AI in Finance: Cutting Through the Hype (With Case Studies)

As I wrote in Calling AI’s bluff, we are currently living at the ‘peak of inflated expectations’ when ‘mass media hype’ begins and just before the ‘negative press begins’ (click on the previous blog for the famous hype cycle).

The media also seems unable to distinguish the limits of AI, even calling it ‘creative’ (e.g. “Machine Creativity Beats Some Modern Art”) and showing beautiful pictures generated by AI techniques:

All this pictures were generated by computers

Another example of hype is the furor among journalists just after AlphaGo beat the Go world champion:

The feat marks a milestone on the road to general-purpose AIs that can do more than thrash humans at board games. Because AlphaGo Zero learns on its own from a blank slate, its talents can now be turned to a host of real-world problems.

I will try to explain the limitations (and opportunities)of AI — elsewhere you can find examples of what AI can revolutionise, but at the end of this blog I will show you what humans can do in Finance that machines cannot (yet).

Cutting Through the Hype

In my previous blog I differentiated between Artificial General Intelligence (AGI) and Narrow Artificial Intelligence (NAI). AGI is the stuff of science fiction — when the machine can perform any task humans can do. From a business perspective we care about NAI — the activities that a machine can do better, faster and cheaper than a human that can (productivity improvement).

I found that AI is a term that combines many different techniques, each one slightly different. However, the most hyped ones are the techniques that relate to Machine Learning, and very importantly: they are all examples of Narrow Artificial Intelligence.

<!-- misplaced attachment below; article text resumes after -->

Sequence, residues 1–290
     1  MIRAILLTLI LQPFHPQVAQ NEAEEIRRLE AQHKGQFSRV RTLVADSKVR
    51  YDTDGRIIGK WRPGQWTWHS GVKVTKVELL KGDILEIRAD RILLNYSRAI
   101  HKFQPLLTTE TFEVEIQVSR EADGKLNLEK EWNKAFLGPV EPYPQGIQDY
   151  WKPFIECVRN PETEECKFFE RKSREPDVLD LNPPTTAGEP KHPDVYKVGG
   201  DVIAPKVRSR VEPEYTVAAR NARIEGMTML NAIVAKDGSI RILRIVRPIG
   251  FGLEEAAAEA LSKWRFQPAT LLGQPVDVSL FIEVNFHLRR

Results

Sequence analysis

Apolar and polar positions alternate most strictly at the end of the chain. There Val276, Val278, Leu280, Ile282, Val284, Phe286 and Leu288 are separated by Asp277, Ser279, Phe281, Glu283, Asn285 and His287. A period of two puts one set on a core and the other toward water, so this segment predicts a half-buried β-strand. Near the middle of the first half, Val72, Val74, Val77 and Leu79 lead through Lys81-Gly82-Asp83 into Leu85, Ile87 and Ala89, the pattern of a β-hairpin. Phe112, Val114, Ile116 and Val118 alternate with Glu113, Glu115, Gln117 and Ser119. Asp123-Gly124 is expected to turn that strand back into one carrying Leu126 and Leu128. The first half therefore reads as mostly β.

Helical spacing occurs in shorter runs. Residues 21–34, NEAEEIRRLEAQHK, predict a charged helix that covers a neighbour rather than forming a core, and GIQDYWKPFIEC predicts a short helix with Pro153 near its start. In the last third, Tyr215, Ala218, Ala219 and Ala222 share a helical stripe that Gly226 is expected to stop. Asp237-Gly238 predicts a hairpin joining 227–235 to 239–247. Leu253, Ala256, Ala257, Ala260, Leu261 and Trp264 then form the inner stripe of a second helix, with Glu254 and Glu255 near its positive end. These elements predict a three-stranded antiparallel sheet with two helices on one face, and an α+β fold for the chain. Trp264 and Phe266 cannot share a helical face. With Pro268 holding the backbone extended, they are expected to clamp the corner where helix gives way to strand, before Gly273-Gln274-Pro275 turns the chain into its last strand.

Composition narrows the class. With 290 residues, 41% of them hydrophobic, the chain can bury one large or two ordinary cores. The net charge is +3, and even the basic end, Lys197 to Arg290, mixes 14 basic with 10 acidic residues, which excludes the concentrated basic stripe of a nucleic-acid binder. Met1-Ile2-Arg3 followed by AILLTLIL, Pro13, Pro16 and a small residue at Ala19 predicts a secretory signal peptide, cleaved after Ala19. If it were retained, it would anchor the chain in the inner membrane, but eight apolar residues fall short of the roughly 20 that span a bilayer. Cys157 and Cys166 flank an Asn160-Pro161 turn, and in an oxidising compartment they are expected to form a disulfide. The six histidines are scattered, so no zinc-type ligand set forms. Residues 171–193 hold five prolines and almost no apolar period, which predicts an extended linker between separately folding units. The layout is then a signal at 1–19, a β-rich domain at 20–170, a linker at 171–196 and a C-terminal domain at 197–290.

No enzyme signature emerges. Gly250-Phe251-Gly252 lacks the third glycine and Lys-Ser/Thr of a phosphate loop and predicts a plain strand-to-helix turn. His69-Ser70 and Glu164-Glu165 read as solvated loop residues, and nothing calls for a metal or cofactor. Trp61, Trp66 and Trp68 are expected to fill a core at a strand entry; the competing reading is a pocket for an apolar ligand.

I also found the following bubble diagram quite helpful:


The diagram also allows us to figure out what Machine Learning technique we need to solve a business problem.

Another very useful diagram that allows us to understand which technique should we use is this (however, it lacks the reinforced learning branch):


I have written a few case studies in the past that show how easy is now days to implement this techniques. For example:

Identifying Credit Card Fraud: it is not directly shown in the bubble diagram, but if you follow Machine Learning — Supervised Learning — Classification you will find ‘Identity Fraud Detection’. In my case study AI as a White Box in Finance (follow the link) I explain how to identify fraudulent transactions using a supervised classification technique.

Loan Credit Rating: Another example of classification, I explain how the method used for credit card fraud can be used verbatim for loan credit rating: Explaining AI — A Credit Rating Case Study.

Financial Regime Identification: Following the Machine Learning — Unsupervised Learning — Clustering branch I wrote an example of a system that can automatically identify different regimes in Financial Series:Rates Clustering.

Market Forecasting: this example is mentioned in the diagram: Machine Learning — Supervised Learning-Regression. Anexample (not very successful but that allows us to understand the required process) is Why Financial Series LTSM Prediction Fails.

Also, make sure that you notice the Machine Learning — Reinforced Learning — Game AI (the AlphaGo branch) and Machine Learning — Supervised Learning — Classification (the branch related to the image classification generation; as a byproduct you can generate images that look like what you tried to classify). I do not have an image example, but you can run theWriting Like Cervantes example to see how a neural network can ‘learn’ a language and writing style from scratch, and then ‘write’ in the same style.